In her weekly science class, Punky has been learning about animal classification. The week she learned about birds, we really got interested in learning how birds make nests. We watched several videos, made our own nests, and were especially intrigued by the weaver bird. We decided to try our hands at weaving, wondering how in the world that tiny bird can weave such an intricate nest with only its beak! Wow!
We've done paper weaving and we've made potholders, we've made loom band jewelry, and we were ready for something totally different. I happened to see a fun mash-up of string art and a nature loom, and we decided to try it out. Using a small pumpkin, I created a loom with nails and string. Punky collected some items from our back yard (long blades of grass, a dried out vine, flowers, leaves, etc) and then she chose a few lengths of fiber from our craft cabinet. She then proceeded to weave the items on her pumpkin loom.
|The weaving skills are there, |
but the cat decided to do some adjusting
before we could snap a picture. Silly cat!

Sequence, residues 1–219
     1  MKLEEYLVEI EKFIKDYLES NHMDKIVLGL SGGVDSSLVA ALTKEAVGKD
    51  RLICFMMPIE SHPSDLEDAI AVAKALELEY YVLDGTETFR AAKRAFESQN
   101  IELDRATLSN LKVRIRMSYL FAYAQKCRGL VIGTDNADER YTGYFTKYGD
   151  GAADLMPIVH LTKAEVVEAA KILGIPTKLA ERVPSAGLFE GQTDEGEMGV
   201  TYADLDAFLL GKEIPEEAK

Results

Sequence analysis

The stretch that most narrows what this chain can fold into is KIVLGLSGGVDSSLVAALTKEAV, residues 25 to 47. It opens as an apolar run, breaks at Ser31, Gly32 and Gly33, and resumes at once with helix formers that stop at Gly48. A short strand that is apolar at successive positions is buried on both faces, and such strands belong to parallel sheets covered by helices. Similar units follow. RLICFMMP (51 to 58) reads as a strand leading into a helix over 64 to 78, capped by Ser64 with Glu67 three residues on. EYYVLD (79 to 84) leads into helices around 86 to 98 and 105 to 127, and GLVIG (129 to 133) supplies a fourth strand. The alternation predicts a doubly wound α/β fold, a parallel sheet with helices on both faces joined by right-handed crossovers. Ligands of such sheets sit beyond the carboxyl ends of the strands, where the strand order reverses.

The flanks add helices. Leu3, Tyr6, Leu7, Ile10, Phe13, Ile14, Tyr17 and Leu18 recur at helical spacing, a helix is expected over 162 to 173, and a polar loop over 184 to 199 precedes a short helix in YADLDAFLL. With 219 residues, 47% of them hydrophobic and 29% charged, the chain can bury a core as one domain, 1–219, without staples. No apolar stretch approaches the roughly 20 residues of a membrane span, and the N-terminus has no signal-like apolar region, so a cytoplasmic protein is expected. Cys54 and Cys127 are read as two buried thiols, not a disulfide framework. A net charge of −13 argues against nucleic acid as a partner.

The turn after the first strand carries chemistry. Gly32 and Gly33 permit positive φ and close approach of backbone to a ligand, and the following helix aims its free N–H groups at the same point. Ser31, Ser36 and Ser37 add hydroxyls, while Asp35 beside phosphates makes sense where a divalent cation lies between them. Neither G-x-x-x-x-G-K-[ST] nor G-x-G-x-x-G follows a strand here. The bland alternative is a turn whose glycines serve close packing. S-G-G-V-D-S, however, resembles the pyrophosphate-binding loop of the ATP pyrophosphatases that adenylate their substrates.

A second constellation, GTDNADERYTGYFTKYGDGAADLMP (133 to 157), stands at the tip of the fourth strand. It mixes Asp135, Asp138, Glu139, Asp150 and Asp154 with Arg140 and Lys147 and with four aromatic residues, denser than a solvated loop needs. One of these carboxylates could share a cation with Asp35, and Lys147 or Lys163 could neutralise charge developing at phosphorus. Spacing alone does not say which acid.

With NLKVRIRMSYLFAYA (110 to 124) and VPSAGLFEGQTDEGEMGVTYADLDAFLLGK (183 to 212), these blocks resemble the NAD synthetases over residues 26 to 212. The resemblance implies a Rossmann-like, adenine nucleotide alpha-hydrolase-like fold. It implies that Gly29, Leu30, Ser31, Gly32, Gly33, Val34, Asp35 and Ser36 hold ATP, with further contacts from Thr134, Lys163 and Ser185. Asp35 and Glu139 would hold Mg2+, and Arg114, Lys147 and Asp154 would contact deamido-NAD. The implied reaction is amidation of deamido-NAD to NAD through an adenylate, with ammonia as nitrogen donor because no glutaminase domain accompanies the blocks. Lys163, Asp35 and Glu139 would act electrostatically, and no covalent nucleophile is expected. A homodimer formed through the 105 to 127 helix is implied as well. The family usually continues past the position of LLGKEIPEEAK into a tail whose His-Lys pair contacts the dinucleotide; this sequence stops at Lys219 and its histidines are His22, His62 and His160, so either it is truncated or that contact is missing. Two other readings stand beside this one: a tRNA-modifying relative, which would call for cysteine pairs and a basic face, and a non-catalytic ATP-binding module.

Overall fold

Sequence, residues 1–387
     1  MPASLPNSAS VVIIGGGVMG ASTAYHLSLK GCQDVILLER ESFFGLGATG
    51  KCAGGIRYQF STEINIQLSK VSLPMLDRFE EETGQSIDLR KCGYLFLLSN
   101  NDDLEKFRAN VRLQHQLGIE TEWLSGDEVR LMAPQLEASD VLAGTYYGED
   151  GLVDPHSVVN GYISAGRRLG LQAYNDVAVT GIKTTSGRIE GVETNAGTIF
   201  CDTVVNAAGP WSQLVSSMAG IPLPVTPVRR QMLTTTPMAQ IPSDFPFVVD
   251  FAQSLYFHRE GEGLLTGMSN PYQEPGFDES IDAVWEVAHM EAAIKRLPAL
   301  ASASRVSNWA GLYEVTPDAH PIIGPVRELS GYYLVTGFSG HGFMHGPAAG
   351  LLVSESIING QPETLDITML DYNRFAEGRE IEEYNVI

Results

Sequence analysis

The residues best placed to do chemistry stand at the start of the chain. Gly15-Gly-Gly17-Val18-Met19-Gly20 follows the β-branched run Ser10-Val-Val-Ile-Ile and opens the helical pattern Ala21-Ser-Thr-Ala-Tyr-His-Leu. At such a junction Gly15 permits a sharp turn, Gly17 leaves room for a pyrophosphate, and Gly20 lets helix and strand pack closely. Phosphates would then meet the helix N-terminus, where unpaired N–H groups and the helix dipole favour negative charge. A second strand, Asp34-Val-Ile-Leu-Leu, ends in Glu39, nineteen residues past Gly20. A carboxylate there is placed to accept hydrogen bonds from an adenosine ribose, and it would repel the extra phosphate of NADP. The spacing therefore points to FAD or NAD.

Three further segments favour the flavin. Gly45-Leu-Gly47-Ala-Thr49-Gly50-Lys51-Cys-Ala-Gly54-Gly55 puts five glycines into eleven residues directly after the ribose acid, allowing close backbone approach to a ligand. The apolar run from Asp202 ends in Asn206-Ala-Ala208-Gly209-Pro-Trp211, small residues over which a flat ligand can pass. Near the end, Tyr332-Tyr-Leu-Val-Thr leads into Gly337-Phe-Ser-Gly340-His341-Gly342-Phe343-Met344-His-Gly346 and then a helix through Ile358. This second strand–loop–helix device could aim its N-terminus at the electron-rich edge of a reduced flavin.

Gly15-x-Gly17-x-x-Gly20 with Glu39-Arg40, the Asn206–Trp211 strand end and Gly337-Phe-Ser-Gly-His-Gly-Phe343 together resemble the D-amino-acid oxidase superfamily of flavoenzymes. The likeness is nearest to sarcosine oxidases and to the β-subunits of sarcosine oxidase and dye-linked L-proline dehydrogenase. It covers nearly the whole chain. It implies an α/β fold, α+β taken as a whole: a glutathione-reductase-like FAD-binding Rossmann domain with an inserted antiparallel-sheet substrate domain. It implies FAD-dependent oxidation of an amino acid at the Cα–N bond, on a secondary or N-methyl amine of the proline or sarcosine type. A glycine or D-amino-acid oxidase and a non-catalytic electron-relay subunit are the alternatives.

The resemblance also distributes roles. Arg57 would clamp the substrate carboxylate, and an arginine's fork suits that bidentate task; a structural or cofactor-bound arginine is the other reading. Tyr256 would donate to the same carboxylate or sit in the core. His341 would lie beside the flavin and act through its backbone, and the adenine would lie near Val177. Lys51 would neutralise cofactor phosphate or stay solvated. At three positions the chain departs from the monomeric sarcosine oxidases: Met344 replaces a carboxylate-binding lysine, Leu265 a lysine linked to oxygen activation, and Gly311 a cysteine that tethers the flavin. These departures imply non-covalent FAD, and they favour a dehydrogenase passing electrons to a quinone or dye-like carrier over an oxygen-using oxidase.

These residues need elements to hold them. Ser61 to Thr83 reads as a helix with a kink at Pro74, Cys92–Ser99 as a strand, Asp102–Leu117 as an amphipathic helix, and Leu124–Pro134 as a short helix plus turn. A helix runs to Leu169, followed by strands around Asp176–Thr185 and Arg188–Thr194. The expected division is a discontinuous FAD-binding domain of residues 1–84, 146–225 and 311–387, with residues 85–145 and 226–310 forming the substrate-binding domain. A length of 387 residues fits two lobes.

On the opposite side of the pumpkin, Punky used more nails to create a "freestyle" nature loom. I believe her goal was to create a web of string in which she could secure all of her nature treasures. Goal achieved!
After our weaving projects, we decided to check out some fall leaves. We have previously talked about plants, photosynthesis, and seasons. I wanted to build on those topics by exploring why leaves change colors and fall. Our quick lesson started with a BrainPop video on leaves. This provided review of terminology and gave us a foundation on which to build our lesson.
The leaves around our neighborhood aren't as vibrant in color as other parts of the country, but we do enjoy some red, orange, and even purple color! Again, Punky went exploring and found some leaves for our investigation. We created a fall color leaf rubbing and talked about the veins in the leaves carrying the food and water, and providing structural support for the blades of the leaf.
We were excited to see this science in action through a STEAM project I happened to find on Pinterest (honestly, this is why *I* wanted to do this lesson). We used coffee filters to demonstrate the way the water and food moves from the center/stem out to the blades of the leaf.
|Our leaves decorate our back door |
(please ignore dog nose prints,
but notice the adorable Scout Autumn
just waiting to be invited inside).
Punky ended the project by reading the book The Falling Leaves by Steve Metzger, and watching a BrainPopJr video called Fall.